Inconsistency in radical composition and using kanji as radicals

I’m finding myself a little frustrated with how WK sometimes makes you learn the same combination of radicals multiple times, rather than teaching you the kanji (or hanzi or whatever) that those radicals make up and then using that kanji as a radical.

The most egregious example that I’ve noticed is that 識, 職, and 織 all have the same right half (戠), so I feel like it makes more sense to teach you that component as its own radical-- it’s “sound” and “drunkard”, so let’s call it, I dunno, “karaoke”-- and then teach 識, 職, and 織 as “say + karaoke”, “ear + karaoke”, and “thread + karaoke” respectively.

Off of the top of my head, other examples from among kanji that I’ve learned would be 要 and 腰 or 票 and 標. In both of these cases, rather than learning “moon + need” or “tree + ballot”, WaniKani has the right component kanji broken down into its “base” radicals (i.e. “moon + helicopter + woman” and “tree + helicopter + jackhammer”), which I feel like just creates extra memorization. Plus, WK already does this sometimes; from my last level, 障 is “building + chapter”, not “building + stand + early”. Why not standardize the approach?

Doing kanji-as-radicals consistently across the board is also helpful for the purposes of learning compound kanji as phonetic-semantic compositions-- to use one of the above examples, remembering the on’yomi for 標 is free if you know it as “tree + ballot”, but that association is harder to use if it’s broken down further into “tree + helicopter + woman”. I know WaniKani doesn’t directly teach phonetic compounds as such, which is fine, but it’s still a useful strategy that I think should be at least supported.


I’ve felt the same way when i get really similar kanji, but I assume that it would kinda require the addition of a bunch of new radicals depending on how often it happens. Maybe might happen in future additions, but i dont work there (yet) so your guess is as good as mine


I agree. For the longest time I couldn’t tell them apart.

But there’s also the situation where a kanji has one big radical made of many “smaller” radicals, and I just can’t unsee the smaller radicals.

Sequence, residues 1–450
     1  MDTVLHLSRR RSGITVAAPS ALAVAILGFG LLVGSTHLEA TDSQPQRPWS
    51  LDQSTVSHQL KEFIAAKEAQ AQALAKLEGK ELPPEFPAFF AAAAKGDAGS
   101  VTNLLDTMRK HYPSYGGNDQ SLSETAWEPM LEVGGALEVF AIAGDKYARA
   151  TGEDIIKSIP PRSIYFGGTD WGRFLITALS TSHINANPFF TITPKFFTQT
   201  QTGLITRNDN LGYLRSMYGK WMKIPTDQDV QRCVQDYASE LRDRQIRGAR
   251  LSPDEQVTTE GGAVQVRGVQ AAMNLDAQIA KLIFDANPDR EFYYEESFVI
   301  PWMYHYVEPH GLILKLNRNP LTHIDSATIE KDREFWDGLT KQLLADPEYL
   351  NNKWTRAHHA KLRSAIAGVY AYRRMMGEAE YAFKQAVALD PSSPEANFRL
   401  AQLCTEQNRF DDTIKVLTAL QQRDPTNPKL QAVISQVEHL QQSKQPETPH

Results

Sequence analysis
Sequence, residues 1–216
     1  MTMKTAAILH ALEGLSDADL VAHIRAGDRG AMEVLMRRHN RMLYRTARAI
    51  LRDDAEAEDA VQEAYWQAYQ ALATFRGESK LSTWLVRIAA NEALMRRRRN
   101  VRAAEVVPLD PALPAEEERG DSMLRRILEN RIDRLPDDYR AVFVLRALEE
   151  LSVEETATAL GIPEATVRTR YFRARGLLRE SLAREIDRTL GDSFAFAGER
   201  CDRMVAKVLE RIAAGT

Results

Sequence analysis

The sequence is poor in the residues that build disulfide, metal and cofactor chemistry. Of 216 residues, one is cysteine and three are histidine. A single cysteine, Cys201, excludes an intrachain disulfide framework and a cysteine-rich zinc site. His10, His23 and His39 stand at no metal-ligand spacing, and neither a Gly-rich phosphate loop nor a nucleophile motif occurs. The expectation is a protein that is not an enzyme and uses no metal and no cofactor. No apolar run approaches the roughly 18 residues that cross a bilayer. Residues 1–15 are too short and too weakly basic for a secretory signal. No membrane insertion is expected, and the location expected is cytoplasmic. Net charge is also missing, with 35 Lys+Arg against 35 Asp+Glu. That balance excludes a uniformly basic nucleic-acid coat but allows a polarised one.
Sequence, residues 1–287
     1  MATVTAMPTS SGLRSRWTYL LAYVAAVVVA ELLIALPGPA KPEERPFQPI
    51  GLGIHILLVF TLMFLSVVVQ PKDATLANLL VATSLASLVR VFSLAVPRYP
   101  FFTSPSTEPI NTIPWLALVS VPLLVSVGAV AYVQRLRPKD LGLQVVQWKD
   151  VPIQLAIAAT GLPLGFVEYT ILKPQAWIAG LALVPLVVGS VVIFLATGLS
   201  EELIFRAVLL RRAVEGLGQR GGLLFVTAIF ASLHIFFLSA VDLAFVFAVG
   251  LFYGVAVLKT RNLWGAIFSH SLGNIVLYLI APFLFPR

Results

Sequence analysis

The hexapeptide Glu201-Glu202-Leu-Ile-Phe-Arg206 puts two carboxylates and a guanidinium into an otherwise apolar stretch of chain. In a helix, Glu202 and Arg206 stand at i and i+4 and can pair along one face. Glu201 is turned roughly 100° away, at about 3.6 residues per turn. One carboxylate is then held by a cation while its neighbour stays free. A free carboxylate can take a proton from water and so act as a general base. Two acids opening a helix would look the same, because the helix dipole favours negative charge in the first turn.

For example the kanji 暮 which has “greenhouse” and “sun” in it. When I see this kanji I see ‘flowers’, two ‘suns’ and something in the middle. Maybe I should just make my own mnemonic on this one :woman_shrugging:


There’s a difference between radical and what you’re referring to, which is often called a phonetic component. Phonetic components form phonetic series, like you’ve pointed out. Using this pattern is a great way to memorize on’yomi, but they’re not the same as radicals. Radicals always convey some form of meaning, but phonetic components are more often than not used solely for their sound.

Unfortunately, WK combines them into one word. It’s misleading, but it’s most appropriate for the purpose of learning. You can learn the true difference later. Radicals can also double as phonetic series and vice-versa in rare cases, which just confuse the topic and make generalizations difficult. Also, there are a limited amount of radicals (around 200) where there are a thousand phonetic components (or thousands if you study Chinese).

Phonetic series are an advanced topic, and as you may find, some kanji with the same phonetic component may sound similar (but not the same), or even not similar at all. The reason for this is because of the way Japanese borrowed kanji from ancient and middle Chinese, 3 separate times in the orthography’s history, and how Japanese natives at the time inscribed the middle Chinese sounds.

Many of them are predictable, but that’s a topic for historical linguistics and language recreation.

Finding these patterns makes it fun and easier to make word/meaning connections. I do think it is a better idea to use these to your advantage as you become more used to kanji, but on a personal level. It’s too difficult to implement such a thing into a single learning technique meant for beginners and advanced learners.

Gonna leave a link of a spreadsheet I created for my own studies. It uses data from to discern all the phonetic patterns.


Or try Keisei


I have never seen this one on its own it looks so odd


What you described is what many already do: make up our own mnemonics to personalise how we learn, tailoring it to how we feel works best for us. Personally, I like to add the real meanings for radicals and ignore a lot of existing mnemonics. Not always, but sometimes the original meanings are more memorable for me when I see a kanji and it creates a “feeling”.

Then again, a great deal of my mnemonics are also based off of pronunciations, and I have a habit of writing a lot about DBZ, Shenmue, and and other nerd stuff. Whatever helps you remember!


No, but it’s so cute! It’s like a little hatchling waiting to grow up and become a full-fledged kanji C:


It really does have that feel! How nice!


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